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Remembering James Baldwin

"You write in order to change the world."

By Ashly Moore Sheldon • August 01, 2021

James Baldwin was born 97 years ago on August 2, 1924. Though he died when he was only 63, he left behind a powerful legacy. His searing essays positioned him as a leading voice in discussions around racial equality, sexual freedom, and social justice. His fiction and poetry broke new ground, exploring themes around masculinity, sexuality, race, and class.

Childhood Pain

You think your pain and your heartbreak are unprecedented in the history of the world, but then you read.

Baldwin was born to single mother Emma Berdis Jones. She had left Baldwin's biological father because of his drug abuse. Settling in Harlem, she later married David Baldwin, a Baptist preacher, and he adopted her three-year-old son. They went on to have eight more children together and Baldwin often felt that his father treated him more harshly than his biological children.

Baldwin's love of reading, combined with the persecution he endured at home, drove him to spend much time alone in libraries. His autobiographical novel, Go Tell it On the Mountain, is a fictionalized depiction of his spiritual, sexual, and moral struggles while coming of age.

A Prodigious Talent

I knew I was black, of course, but I also knew I was smart. I didn't know how I would use my mind, or even if I could, but that was the only thing I had to use.

At his Harlem elementary school, Baldwin famously wrote the school song, which was used until it closed many years later. In his book of essays, Notes of a Native Son, he shares the story of a play he wrote at ten. One of his teachers, seeing his talent, offered to take him to see some "real" plays. Baldwin's father objected to this idea as the teacher was white, but his mother overruled saying, "it would not be very nice to let such a kind woman make the trip for nothing."

Later, in middle and high school, Baldwin reports being strongly influenced by the poet Countee Cullen, a leading figure in the Harlem Renaissance. He served as an editor and contributor on his school newspapers and magazines, but struggled with the racist behavior he experienced in these settings.

Religious Roots

If the concept of God has any use, it is to make us larger, freer, and more loving. If God can't do that, it's time we got rid of him.

Perhaps in an attempt to please his father, a teenage Baldwin briefly entertained thoughts of a religious career. As a junior minister in the Fireside Pentecostal Assembly, he quickly developed a fervent following, but a few years later, he came to view Christianity as hypocritical and left the church. In his essay The Fire Next Time, Baldwin reflected that "being in the pulpit was like working in the theatre; I was behind the scenes and knew how the illusion was worked."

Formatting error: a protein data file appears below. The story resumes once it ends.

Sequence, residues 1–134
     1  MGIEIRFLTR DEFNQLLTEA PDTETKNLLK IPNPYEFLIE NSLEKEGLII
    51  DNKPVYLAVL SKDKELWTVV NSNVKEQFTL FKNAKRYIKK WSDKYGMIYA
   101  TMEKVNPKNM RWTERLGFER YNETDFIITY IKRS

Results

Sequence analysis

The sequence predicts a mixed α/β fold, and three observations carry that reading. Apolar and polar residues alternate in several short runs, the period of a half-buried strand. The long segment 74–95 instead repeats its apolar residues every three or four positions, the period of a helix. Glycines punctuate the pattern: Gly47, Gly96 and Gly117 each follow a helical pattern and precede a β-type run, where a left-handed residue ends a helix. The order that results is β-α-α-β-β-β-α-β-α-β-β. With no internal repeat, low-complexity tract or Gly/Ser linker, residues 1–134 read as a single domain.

Life as an Ex-Pat

I love America more than any other country in the world and, exactly for this reason, I insist on the right to criticize her perpetually.

The prejudice he experienced in American drove a 24-year-old Baldwin to relocate to Paris, where he felt more free to express his views on both racial equity and sexual freedom. In Paris, he wrote his second novel, Giovanni's Room. The now-classic narrative was highly controversial for its depictions of homosexual and bisexual relationships. The book delves into the mystery of love and creates a moving story that reveals the unspoken complexities of the human heart.

In the 1970s, he settled in the south of France in an old Provençal house beneath the ramparts of the village of Saint-Paul-de-Vence. Here he wrote many of his later works, including the novel If Beale Street Could Talk, a story that centers on a strong, but embattled, Black American family, one of several of Baldwin's writings that has been adapted into an acclaimed film.

An Untimely Death

Love does not begin and end the way we seem to think it does. Love is a battle, love is a war; love is a growing up.

On December 1, 1987, Baldwin died from stomach cancer. By the time of his passing, Baldwin had become a friend and inspiration to many other notable writers of the time, including such luminaries as Richard Wright, Maya Angelou, and Toni Morrison, who wrote his New York Times eulogy, titled "Life in His Language." Her closing words:

You knew, didn't you, how I needed your language and the mind that formed it? How I relied on your fierce courage to tame wildernesses for me? How strengthened I was by the certainty that came from knowing you would never hurt me? You knew, didn't you, how I loved your love? You knew. This then is no calamity. No. This is jubilee. "Our crown," you said, "has already been bought and paid for. All we have to do," you said, "is wear it."

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